Rudolf Englert (1921-1989) has been developing his formal style since the start of the 1960s. This was in parallel to other similar movements, such as ZERO, but independently of them. He produced systematically worked sequences of work in close succession, primarily on paper. His early cycles resonated with a wider public through exhibitions in leading galleries, including the Kunsthalle Kiel in 1962. Art critics, such as Will Grohmann in 1964, highlighted Englert’s unique position within avantgarde movements.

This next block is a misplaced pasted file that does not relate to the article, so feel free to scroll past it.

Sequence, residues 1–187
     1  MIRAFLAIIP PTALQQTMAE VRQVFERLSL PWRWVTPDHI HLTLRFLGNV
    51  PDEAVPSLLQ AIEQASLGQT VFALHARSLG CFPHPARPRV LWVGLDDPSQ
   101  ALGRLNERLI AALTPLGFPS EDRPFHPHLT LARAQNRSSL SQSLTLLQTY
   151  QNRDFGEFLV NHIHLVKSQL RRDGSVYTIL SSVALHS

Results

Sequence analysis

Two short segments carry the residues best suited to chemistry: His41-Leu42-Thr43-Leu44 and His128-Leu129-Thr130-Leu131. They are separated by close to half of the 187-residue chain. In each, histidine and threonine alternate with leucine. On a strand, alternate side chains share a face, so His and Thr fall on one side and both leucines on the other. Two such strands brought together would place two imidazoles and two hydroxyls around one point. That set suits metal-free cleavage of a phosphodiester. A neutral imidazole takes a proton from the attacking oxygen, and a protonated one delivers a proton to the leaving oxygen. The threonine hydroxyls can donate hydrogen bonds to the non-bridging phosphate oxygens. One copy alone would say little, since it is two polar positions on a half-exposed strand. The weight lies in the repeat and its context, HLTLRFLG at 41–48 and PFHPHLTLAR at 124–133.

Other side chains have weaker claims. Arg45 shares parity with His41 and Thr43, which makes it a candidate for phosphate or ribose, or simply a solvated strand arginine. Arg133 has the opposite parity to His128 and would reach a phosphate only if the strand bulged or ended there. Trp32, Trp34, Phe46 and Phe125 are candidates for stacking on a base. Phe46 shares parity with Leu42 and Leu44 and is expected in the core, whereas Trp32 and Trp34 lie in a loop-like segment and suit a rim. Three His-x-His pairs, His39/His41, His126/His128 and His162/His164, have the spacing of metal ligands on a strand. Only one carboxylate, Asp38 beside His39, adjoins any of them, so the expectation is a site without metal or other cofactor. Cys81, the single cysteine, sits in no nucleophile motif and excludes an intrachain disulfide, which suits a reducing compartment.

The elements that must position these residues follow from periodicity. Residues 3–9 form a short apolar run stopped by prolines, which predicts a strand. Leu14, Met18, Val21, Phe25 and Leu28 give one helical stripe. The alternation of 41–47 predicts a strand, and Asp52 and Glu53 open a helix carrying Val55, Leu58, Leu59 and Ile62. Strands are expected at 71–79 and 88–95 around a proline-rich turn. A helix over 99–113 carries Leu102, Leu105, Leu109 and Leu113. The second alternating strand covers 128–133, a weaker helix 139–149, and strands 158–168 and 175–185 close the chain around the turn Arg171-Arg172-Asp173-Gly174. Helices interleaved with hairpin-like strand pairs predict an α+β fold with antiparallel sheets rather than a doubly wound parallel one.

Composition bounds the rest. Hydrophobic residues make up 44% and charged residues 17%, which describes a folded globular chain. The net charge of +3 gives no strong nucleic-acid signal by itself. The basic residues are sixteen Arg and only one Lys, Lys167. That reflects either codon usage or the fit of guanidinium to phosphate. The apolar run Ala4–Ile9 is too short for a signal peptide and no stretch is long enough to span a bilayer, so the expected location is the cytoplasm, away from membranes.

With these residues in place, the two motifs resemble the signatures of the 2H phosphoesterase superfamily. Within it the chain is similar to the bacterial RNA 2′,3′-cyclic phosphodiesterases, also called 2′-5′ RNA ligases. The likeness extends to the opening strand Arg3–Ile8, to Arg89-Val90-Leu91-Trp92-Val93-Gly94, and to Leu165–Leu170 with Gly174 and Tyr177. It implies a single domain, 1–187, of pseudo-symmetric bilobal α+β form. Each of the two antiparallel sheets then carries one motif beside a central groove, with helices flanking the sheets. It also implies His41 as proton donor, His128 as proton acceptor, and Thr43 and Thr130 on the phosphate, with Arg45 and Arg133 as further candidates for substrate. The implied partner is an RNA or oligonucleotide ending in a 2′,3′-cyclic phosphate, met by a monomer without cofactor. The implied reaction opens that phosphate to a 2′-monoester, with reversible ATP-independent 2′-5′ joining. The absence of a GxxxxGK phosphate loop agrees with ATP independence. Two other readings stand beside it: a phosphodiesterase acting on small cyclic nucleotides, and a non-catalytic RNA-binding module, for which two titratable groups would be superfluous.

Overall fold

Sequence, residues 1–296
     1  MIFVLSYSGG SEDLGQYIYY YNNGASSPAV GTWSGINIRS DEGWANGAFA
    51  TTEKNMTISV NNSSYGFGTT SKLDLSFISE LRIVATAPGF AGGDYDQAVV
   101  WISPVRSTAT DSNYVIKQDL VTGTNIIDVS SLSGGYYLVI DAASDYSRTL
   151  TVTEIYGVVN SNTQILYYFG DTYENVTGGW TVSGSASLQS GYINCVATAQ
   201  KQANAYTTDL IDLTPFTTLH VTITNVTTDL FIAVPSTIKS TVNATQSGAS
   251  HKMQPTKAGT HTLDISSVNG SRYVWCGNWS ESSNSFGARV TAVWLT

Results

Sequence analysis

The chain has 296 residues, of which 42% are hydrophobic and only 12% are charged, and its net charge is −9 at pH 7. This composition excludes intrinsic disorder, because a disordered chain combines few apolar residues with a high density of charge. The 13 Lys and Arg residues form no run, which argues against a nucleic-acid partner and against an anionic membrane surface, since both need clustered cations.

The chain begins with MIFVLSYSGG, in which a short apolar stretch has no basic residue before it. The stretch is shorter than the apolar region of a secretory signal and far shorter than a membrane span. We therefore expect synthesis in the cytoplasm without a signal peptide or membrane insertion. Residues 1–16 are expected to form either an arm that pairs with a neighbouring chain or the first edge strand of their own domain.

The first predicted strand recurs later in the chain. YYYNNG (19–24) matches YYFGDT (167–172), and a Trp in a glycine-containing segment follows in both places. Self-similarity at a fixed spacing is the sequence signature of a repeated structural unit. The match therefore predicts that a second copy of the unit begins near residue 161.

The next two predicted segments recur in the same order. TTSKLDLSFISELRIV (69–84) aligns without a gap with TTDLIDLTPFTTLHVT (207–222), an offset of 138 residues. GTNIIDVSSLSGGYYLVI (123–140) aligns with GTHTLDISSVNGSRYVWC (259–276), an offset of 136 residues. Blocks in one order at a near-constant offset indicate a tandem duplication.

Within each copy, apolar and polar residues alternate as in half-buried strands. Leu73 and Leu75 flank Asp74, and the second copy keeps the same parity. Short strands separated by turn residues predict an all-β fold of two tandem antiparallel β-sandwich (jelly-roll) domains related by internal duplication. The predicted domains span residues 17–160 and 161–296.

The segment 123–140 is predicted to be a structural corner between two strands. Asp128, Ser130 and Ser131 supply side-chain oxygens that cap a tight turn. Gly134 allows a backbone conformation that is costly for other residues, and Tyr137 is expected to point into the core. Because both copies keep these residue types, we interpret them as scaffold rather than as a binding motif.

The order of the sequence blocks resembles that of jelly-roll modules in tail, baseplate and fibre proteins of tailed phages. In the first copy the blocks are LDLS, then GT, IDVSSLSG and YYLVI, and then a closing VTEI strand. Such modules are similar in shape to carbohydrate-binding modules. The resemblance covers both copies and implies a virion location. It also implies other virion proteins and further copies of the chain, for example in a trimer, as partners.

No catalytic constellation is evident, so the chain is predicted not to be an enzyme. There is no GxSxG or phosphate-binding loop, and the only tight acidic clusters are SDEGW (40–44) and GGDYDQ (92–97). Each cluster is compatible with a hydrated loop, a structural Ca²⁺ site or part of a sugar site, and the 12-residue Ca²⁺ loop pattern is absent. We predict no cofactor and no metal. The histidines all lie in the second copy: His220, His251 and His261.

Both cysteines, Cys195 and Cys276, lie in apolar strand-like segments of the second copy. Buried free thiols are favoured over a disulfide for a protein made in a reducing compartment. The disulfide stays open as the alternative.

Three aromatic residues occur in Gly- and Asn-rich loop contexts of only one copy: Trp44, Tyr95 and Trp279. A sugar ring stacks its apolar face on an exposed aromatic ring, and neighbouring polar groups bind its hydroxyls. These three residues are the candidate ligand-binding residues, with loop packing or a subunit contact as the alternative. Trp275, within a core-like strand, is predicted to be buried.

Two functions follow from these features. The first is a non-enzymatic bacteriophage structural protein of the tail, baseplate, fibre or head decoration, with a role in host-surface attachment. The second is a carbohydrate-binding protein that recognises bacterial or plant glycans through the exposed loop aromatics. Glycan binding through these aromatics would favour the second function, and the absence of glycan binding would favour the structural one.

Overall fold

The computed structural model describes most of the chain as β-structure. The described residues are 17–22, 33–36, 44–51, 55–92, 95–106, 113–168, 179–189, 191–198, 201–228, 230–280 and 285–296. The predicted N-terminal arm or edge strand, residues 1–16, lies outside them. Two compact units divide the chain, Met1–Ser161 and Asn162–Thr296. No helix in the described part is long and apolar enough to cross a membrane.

In the 1970s, his compositions became more complex and more pictorial in their arrangement. The scriptual character and the echoes of musical notations, which emerged in his earlier work, become more pronounced. Englert’s approach manifested a fundamentally different approach compared to other strategies for incorporating script and writing in images. As a result, the works become larger, the compositions more complex. He produces groups, rich rhythm, light-dark gradations, everything is designed compositionally. The use of colour, as in the Villa Romana works of 1976 and the later large canvases, gives rise to further forms of expression in relation to the graphic form. All in all, Englert advanced new freedoms in drawing with his instrumentation. Englert is also regarded as having contributed to an advanced understanding of drawing.